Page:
Canadian dollar still offers room to trend higher

May 31, 2021 08:52
Photo: Reuters

The Canadian dollar (CAD) has made strong gains on the back of surging commodity prices. Year-to-date, the currency has gained around 5% against the US dollar and 6% in trade weighted terms. While reiterating our positive CAD view, we think the near - term technical picture warrants some caution as the USD-CAD pair continues to trade near oversold territory for now. Furthermore, the latest employment report came in a bit weak, reflecting renewed lockdowns amid a mounting third wave of Covid-19 cases in some Canadian provinces. Yet current net speculative positioning does not look stretched by historical standards.

Given the positive outlook for commodities and the Bank of Canada’s relatively hawkish policy stance, we believe that there remains substantial room for the Canadian dollar to trend higher throughout the second half of 2021.

Clearly, commodities have enjoyed a remarkable rally year-to-date. And with aluminum and copper prices at multi-year highs, commodity prices look stretched for now, particularly in the non-energy space. But given the substantial supply shortages in the global manufacturing chain, we think commodity prices are likely to advance further in the coming months. First, the limited supply is coinciding with relatively inelastic pent-up demand and second, it should take time to overcome the current supply-demand imbalance as production cannot be accelerated quickly enough to meet demand. This particularly applies to non-energy commodities such as sawn wood, an important Canadian export product that requires several months to produce. Hence, commodity tightness is unlikely to normalise before 4Q21.

While crude oil has also moved higher, its price uptrend has been subdued compared to the steep surge in non-energy commodity prices.

We believe oil would catch up throughout 2H21. So far, the re-imposition of lockdowns on the back of emerging virus variants, along with the heavily-hit global tourism sector, has weighed down on global oil demand. Yet we should see a major rebound of the service sectors once national vaccinations approach a more advanced stage in developed countries. Eventually, the normalisation of economic activity should boost oil and provide more upside for the Canadian currency.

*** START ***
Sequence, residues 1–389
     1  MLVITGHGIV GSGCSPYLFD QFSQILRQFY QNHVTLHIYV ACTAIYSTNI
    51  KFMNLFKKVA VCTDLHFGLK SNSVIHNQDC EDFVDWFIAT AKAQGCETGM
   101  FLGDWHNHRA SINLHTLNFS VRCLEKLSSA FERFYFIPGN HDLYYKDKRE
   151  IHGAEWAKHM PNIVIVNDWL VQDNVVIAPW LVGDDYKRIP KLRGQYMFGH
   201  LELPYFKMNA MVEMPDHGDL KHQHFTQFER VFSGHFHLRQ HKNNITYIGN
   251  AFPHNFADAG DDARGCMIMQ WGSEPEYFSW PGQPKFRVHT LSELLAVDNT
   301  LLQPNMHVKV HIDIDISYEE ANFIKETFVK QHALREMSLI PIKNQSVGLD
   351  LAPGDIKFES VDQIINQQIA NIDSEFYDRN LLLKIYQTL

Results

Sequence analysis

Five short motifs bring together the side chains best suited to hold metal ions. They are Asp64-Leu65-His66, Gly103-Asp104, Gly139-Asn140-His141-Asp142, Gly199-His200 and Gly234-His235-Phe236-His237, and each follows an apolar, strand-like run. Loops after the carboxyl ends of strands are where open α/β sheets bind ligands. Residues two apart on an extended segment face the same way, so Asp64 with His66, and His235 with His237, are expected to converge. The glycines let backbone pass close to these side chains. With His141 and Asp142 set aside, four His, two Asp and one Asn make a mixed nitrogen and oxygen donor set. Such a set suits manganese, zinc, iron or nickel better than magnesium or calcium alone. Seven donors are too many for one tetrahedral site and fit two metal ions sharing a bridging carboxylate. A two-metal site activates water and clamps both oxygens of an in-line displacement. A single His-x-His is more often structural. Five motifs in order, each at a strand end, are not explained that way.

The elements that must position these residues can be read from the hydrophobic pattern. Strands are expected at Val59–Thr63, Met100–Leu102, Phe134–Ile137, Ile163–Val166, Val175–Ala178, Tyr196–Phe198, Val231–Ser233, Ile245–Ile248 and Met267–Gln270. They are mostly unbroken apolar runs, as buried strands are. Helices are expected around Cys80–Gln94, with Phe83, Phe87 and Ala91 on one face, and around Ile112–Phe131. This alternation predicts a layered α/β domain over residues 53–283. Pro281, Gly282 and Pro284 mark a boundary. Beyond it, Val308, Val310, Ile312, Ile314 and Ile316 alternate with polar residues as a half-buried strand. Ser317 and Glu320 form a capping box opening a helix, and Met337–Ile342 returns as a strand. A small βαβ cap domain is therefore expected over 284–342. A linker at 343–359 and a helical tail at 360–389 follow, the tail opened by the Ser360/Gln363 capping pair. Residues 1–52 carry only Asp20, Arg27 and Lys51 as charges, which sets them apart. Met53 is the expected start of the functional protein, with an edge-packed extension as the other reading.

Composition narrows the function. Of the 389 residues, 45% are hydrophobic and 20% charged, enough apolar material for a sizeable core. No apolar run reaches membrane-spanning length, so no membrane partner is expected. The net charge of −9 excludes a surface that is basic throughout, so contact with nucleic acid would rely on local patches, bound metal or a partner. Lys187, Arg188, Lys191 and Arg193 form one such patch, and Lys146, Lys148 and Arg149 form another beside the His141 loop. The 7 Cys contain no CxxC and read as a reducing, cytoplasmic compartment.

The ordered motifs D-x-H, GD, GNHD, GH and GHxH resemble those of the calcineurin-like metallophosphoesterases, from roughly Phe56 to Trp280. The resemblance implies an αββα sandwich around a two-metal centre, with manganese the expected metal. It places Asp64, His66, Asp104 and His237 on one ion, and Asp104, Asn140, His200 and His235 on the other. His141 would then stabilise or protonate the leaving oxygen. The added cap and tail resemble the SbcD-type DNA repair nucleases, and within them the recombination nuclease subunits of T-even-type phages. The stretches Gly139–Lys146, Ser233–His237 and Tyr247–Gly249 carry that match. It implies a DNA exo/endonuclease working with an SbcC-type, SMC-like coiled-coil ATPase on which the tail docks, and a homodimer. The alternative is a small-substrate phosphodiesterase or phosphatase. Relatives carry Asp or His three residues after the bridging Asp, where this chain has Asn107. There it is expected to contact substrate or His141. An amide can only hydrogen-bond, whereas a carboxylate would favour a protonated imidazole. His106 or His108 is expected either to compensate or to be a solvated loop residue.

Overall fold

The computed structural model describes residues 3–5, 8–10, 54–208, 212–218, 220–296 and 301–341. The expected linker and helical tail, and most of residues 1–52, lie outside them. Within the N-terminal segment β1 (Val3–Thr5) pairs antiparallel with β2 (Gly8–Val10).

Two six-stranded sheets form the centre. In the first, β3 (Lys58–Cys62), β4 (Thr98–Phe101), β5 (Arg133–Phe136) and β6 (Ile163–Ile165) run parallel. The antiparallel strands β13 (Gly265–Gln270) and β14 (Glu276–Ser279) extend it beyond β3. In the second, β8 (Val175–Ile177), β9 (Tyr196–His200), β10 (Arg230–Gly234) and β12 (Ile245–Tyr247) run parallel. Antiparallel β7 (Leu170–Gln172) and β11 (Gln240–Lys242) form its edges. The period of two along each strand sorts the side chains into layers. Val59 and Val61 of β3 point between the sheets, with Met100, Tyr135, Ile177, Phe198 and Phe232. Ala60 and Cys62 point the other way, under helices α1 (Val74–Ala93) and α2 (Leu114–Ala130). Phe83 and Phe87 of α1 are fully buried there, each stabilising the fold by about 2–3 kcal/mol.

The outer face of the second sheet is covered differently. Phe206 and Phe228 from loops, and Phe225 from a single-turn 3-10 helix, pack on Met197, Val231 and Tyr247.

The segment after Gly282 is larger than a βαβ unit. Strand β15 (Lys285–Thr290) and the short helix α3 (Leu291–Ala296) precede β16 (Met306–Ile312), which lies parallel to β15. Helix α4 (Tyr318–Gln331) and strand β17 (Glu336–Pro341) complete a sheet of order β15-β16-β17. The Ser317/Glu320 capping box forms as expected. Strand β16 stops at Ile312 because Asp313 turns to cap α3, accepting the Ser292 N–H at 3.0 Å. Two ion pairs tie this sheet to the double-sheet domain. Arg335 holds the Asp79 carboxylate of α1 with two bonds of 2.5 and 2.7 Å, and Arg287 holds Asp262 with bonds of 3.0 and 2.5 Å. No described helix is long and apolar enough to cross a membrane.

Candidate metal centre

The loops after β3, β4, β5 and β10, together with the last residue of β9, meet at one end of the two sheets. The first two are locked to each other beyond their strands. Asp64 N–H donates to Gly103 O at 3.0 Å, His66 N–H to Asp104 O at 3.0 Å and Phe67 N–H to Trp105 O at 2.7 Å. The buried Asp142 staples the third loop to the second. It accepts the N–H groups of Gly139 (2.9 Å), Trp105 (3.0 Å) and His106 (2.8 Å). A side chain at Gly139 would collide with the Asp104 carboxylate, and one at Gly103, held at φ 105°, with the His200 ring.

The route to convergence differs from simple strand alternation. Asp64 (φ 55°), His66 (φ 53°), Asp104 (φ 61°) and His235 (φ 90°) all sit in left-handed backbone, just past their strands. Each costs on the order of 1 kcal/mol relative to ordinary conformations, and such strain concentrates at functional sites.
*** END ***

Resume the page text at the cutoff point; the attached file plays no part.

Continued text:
Lastly, the Canadian currency also looks well-supported from a monetary policy side. Reflecting increased consumption on the back of fiscal stimulus packages at the federal and provincial levels along with strong foreign demand and higher commodity prices, the Bank of Canada (BoC) recently revised its 2021 growth forecast from 4% to 6.5%. Given these growth prospects and an April CPI print at 3.4%, the BoC adopted a more hawkish stance than most other central banks in the G10 space. As of April 26, the BoC has started to trim its bond purchases from a weekly minimum of C$4bn to C$3bn, and given the strong economic rebound, we should expect further reductions in bond purchases throughout 2H21. Furthermore, we expect the BoC to start hiking their policy rate as early as 2H22, which would be ahead of most G10 central banks, including the Fed. While the currency has likely priced these tailwinds to some extent, we think that there remains room for the Canadian currency to push higher towards year-end with both the BoC commodity price index and our longer-term model, based on government yields and commodities, supporting this thesis.

-- Contact us at [email protected]

Chief Economist, Head Economic Research at Bank J Safra Sarasin

Most Popular 24 Hrs